Back in mid-April, silver was on its way into a parabolic peak while the dollar was plunging into a low. At the time I was anticipating a hard correction for silver. However, the timing of silver's break did not mesh well with gold's cycle count. As described in the Member Letter, gold was sitting too early in its weekly cycle to see price roll over into a significant decline. In order to reconcile these differences, I looked back to action that unfolded in 2006 as a potential model for the setup.
As silver tanked in early May, the 2006 scenario appeared destined for a repeat. But such a resolution ran into a stumbling block in the form of sentiment. The public had become too bearish over the dollar to allow for the downside necessary to fuel a parabolic run in gold. As the dollar bounced out of its low, the action in precious metals remained subdued. Instead of sailing into a final peak, gold bided its time in the form of a triangle consolidation.
Likewise, silver followed its crash by forming a solid, 2-month basing pattern.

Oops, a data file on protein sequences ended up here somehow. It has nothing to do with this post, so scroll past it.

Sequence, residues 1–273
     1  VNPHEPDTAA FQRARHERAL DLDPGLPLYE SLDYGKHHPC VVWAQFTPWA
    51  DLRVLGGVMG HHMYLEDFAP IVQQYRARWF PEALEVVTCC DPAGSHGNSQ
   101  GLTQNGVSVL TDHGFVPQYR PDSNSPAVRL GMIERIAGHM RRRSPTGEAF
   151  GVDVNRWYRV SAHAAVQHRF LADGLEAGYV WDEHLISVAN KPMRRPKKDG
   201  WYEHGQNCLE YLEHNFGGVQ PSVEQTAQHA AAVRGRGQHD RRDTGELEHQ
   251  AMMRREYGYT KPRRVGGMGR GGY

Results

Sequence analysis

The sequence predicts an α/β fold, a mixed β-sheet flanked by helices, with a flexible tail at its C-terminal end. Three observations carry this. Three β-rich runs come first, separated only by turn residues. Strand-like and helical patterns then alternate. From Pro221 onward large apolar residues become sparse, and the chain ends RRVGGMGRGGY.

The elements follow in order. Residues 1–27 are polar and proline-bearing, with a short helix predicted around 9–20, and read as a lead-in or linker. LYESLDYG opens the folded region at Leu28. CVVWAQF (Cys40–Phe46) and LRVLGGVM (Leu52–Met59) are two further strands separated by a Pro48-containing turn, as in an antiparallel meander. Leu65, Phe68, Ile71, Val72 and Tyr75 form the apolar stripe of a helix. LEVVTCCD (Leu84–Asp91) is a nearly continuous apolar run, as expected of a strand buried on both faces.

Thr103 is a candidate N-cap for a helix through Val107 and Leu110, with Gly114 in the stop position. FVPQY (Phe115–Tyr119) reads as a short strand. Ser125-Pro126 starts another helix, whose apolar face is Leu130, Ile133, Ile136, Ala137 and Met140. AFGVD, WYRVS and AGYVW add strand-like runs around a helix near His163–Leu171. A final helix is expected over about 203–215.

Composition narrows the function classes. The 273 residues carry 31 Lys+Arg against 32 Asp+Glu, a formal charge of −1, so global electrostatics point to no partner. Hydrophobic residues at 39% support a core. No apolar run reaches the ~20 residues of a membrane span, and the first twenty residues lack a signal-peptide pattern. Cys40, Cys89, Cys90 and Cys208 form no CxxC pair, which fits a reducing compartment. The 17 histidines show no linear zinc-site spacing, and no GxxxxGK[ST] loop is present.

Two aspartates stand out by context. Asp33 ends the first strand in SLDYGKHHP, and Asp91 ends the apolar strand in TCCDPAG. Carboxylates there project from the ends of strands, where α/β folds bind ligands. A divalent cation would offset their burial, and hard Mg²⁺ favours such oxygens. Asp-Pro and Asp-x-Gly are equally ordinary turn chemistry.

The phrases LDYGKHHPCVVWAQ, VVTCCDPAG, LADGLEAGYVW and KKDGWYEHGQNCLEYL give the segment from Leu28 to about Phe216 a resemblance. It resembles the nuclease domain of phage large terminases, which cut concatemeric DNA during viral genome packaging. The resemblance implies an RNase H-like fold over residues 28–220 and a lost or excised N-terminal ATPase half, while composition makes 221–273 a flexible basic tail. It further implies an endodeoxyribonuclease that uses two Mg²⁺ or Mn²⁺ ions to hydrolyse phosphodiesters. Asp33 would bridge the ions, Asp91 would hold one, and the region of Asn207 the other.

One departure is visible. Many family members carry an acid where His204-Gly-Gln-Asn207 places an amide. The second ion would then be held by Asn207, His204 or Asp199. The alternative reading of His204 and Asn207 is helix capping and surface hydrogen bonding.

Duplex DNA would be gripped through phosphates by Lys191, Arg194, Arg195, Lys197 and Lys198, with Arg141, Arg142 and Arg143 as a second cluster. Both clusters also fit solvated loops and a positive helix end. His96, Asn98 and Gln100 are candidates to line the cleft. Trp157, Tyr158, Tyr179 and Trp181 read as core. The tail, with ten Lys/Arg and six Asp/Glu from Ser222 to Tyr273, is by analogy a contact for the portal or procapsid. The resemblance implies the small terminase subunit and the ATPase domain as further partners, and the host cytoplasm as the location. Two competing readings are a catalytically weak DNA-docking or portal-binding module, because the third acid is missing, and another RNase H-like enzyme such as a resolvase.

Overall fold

Many traders who were burned by the crash are reticent to dip their toes back into the silver waters. After all, broken parabolas tend to need extended consolidation periods before significant, new highs can be set. However, I believe these traders are overlooking two, important technical factors that materialized during the recent basing periods... factors which lead me to believe the coming rallies in gold and silver will be larger than most anticipate.
First, despite the fact that gold basically moved sideways off the May peak, public opinion over gold's prospects, as publish by Sentimentrader.com, dipped to its lowest level since 2008. In other words, the public was more bearish about gold than at either the July 2010 or the January 2011 lows, both of which spawned tremendous rallies. Second, gold set a weekly cycle low during its triangle consolidation. In other words, the yellow metal now sits very early within a cycle, providing for plenty of time... not just weeks, but months... to run higher.
The extreme sentiment readings seen around the dollar and precious metals back in May did not negate a 2006-like crescendo to the recent precious metals rallies, but rather only delayed it. Furthermore, the current cyclical structure indicates that the coming rallies may now be larger than if they had completed in May. The macroeconomic backdrop of crisis in Europe and a Fed ready and willing to counterfeit our currency in the hundreds of billions certainly supports a significant repricing of precious metals.